Al Qaeda peaked with the 9/11 attacks. As soon as they were over, the decline began. After bin Laden, his cohort, and the Taliban were expelled from Afghanistan, al Qaeda was effectively decapitated. The leadership was on the run or captured. Dispersed haphazardly into various countries, most of which were unwelcoming, bin Laden’s men were rounded up by vigilant local security services competing to show Americans how cooperative they were.
From Yemen to Syria, the United Arab Emirates to Pakistan, the hunt for al Qaeda has produced scores of significant arrests. Iran—which in the immediate aftermath of 9/11 was on friendlier terms with the United States than it is now—arrested or extradited hundreds of bin Laden’s men who had fled there, including senior military commanders and members of his family. Pakistani authorities offered valuable and tangible assistance to the United States, helping it arrest more than 400 of bin Laden’s top lieutenants and operatives, including Khalid Sheikh Mohammed and Abu Zubaydah. Yemen rounded up jihadis and imprisoned them en masse. President Ali Abdullah Saleh flew to Washington and showed his support by allowing the CIA to kill Abu Ali al Harithi, then leader of al Qaeda in Yemen. Harithi and five other suspects were shot down by an unmanned Predator while driving in the desert east of the capital Sana’a in November 2002.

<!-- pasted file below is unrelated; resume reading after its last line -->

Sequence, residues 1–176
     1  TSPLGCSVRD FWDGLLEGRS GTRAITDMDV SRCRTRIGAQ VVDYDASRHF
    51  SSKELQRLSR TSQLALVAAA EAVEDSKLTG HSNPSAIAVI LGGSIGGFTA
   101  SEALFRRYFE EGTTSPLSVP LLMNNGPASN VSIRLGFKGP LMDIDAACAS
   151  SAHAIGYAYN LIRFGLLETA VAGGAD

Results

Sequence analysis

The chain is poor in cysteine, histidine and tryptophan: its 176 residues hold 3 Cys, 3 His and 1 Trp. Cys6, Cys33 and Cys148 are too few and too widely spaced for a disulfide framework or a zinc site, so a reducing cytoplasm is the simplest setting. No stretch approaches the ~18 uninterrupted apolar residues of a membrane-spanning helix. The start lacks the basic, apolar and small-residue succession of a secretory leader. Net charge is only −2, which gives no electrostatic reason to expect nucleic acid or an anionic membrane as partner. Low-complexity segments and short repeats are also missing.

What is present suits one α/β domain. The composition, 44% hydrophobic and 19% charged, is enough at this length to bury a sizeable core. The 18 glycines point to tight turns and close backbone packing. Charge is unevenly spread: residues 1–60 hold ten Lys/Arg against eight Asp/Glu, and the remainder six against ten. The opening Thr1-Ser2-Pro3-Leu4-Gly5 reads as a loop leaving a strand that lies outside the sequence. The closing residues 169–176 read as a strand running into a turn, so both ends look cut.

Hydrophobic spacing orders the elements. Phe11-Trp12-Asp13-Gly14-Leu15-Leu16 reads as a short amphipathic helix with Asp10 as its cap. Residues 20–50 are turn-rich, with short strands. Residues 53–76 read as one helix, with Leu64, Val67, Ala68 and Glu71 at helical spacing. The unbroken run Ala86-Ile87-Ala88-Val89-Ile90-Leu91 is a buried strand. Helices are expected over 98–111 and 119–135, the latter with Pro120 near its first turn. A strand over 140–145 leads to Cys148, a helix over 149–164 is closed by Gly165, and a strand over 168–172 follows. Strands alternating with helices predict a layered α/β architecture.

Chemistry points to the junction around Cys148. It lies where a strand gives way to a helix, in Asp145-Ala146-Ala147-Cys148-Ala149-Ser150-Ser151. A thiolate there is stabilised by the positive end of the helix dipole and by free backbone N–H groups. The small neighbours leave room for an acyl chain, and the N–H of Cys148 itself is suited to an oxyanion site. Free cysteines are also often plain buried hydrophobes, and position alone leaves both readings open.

There is increasing evidence that just two years after 9/11 bin Laden and his right-hand man Ayman al Zawahiri were vulnerable, constantly on the move between rural locations in Pakistan and Afghanistan, and fully occupied with avoiding capture. Western intelligence authorities say that between 2001 and 2003 they had reliable information on bin Laden’s movements, though the information was not recent enough to act upon. Still, there was a window of opportunity: al Qaeda was in disequilibrium, its leaders were on the run, and there was genuine goodwill toward the United States among governments in a position to help take down bin Laden’s group.